Ohio man receives $15,000 bill for catching a fever, gets the runaround from insurer and hospital

By Consumers For Quality Care, on March 12, 2020

Ohio man receives $15,000 bill for catching a fever, gets the runaround from insurer and hospital

A man in Ohio caught a nasty fever in 2018, sending him to the hospital for a weeklong stay he assumed would be covered by his health insurance provider, according to News 5 in Cleveland.

But Alan Sands of Wooster, Ohio eventually found himself burdened with a $15,000 surprise medical bill, adding to the seemingly unlimited list of Americans who have fallen victim to the dangerous practice.

Sands was surprised to receive the bill because his insurance covered the cost of an emergency room visit for a heart attack scare “a year or two prior to the fever incident.” Now, nearly the entire bill was being passed on to him.

Sands said his self-insured employer at the time, Tenable Protective Services, told him to not worry about it and that they would cover the costs.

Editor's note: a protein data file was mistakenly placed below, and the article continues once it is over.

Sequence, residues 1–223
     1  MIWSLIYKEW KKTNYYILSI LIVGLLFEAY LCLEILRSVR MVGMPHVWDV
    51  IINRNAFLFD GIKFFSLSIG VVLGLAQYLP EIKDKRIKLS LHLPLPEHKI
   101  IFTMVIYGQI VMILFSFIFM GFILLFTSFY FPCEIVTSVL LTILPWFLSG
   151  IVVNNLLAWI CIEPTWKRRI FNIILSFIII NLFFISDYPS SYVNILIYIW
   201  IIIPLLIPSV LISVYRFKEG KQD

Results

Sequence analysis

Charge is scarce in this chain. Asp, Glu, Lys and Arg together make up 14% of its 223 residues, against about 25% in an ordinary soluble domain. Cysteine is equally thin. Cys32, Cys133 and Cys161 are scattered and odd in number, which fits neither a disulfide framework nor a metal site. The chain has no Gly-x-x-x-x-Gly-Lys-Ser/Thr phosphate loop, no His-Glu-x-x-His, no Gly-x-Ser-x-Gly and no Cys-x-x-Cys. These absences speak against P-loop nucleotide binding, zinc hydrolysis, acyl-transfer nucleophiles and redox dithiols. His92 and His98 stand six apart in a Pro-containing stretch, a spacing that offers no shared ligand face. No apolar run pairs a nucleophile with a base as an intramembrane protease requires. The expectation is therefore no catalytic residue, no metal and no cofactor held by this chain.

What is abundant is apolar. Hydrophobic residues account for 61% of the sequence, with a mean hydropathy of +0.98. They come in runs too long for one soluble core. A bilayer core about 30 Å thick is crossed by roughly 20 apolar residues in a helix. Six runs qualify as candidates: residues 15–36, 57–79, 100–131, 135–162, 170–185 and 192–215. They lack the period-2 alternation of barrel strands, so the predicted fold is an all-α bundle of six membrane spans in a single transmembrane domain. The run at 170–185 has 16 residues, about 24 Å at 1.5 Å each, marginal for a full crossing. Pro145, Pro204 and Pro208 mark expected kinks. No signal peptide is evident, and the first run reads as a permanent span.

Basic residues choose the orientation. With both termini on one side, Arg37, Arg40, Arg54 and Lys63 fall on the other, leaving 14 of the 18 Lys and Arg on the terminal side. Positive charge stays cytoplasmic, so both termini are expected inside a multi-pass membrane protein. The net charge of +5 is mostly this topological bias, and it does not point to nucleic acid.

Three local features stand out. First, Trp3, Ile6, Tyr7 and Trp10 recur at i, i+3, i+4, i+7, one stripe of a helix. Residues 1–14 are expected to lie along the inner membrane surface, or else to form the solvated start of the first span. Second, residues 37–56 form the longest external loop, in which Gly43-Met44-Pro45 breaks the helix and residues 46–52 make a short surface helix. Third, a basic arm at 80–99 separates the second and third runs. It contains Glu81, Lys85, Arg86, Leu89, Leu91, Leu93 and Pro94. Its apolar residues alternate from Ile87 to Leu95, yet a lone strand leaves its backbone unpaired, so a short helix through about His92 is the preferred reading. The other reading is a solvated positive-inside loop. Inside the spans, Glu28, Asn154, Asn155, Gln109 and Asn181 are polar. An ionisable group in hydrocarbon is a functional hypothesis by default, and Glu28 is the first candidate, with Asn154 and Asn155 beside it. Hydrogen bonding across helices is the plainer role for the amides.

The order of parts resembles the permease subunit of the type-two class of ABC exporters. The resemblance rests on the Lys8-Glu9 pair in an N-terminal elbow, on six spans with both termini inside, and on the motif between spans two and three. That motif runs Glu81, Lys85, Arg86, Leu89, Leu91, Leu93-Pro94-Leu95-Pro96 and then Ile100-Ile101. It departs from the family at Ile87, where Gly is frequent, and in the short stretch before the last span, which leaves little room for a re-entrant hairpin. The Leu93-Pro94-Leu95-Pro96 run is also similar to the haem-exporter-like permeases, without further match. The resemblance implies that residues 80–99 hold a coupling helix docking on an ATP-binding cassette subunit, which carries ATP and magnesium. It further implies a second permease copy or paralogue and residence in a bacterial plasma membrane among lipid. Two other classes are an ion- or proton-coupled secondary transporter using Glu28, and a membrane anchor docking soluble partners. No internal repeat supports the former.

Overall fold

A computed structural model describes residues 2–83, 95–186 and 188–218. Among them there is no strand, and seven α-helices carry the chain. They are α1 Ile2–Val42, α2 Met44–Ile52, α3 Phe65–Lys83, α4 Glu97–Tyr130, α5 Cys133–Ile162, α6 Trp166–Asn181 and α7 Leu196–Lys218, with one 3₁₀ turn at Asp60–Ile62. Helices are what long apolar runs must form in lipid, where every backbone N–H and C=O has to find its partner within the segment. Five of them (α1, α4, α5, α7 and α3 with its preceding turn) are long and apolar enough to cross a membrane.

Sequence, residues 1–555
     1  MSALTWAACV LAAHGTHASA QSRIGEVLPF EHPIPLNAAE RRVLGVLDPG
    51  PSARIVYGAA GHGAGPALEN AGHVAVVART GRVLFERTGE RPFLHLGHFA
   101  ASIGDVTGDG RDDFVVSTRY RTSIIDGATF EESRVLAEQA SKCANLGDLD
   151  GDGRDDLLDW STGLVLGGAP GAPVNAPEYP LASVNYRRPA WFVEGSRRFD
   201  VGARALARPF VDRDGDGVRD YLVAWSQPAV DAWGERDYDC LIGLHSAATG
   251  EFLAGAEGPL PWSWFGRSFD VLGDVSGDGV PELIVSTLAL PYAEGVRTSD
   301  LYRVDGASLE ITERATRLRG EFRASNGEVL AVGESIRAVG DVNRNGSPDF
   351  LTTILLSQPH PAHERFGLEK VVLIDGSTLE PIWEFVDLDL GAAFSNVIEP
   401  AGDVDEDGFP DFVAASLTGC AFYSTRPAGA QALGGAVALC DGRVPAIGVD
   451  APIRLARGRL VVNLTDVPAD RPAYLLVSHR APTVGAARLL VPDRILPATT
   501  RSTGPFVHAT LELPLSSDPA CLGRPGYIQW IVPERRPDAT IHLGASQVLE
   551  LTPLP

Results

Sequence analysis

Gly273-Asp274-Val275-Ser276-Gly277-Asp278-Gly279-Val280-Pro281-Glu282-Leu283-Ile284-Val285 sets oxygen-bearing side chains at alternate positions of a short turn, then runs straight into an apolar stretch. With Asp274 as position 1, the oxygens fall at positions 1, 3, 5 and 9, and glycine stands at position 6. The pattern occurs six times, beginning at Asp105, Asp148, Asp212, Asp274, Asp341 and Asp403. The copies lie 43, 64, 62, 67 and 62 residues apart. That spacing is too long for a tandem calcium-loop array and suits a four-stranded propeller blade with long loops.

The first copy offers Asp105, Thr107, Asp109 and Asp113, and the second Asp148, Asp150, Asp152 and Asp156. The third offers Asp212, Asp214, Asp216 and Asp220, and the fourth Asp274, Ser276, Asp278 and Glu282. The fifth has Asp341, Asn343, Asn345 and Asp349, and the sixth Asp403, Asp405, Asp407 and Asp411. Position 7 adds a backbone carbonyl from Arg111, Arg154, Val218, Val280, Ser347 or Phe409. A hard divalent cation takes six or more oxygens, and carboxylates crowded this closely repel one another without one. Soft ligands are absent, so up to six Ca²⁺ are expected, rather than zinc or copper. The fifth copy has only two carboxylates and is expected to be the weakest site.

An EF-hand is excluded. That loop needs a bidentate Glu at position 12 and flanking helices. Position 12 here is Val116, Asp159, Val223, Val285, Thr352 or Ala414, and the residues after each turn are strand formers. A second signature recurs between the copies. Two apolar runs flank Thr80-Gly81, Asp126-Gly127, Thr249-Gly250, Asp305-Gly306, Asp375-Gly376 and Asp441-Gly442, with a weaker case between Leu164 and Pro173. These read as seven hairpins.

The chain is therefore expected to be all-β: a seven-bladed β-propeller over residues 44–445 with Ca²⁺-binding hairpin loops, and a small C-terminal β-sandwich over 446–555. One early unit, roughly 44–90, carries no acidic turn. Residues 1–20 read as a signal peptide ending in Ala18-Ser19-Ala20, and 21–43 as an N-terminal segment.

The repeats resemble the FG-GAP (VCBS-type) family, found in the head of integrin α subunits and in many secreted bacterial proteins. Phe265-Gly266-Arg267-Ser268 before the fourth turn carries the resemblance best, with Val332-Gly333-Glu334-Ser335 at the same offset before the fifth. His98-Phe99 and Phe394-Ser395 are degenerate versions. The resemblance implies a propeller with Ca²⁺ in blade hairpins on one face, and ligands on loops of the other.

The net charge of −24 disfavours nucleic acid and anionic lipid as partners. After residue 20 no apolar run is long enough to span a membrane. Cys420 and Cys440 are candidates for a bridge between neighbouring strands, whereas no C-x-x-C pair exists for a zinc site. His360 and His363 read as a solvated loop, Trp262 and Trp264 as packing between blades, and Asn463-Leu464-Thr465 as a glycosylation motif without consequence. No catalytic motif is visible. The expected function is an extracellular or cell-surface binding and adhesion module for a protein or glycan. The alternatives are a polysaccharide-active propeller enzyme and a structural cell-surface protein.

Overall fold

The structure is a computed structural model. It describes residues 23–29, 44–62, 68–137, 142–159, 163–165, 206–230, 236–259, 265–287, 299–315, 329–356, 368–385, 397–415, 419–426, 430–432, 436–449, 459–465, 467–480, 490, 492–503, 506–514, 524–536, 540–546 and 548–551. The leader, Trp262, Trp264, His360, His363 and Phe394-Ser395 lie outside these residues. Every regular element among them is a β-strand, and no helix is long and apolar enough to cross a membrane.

But he also called the hospital company as well, who said they would contact his insurance to settle the bill. Sands also contacted his employer’s third-party administrator that handled insurance claims, Alternative Risk Management (Alt-Risk), who said they would handle it.

“So, it was a constant circle of people supposedly contacting each other?” we asked.

“Correct,” said Sands.

News 5 Cleveland contacted the hospital, who declined to be interviewed and said it had “no contract with Alt-Risk.”

When Sands asked for an audit of his medical bills, the hospital said that could open a new can of worms if any mistakes are found in his accounts.

Sands said he felt threatened by that. “A hospital is saying, ‘Hey, you know what? If you’re going to make us go through the work, we’re going to pound you with every penny…at that point wouldn’t you be afraid and you would just pay the money?” he questioned.

Sands still has not resolved the issue and each company involved in the fiasco has pointed News 5 in a different direction.

“Somebody’s not telling the truth,” said Sands. “And that’s the principle of it. That’s what needs to come out.”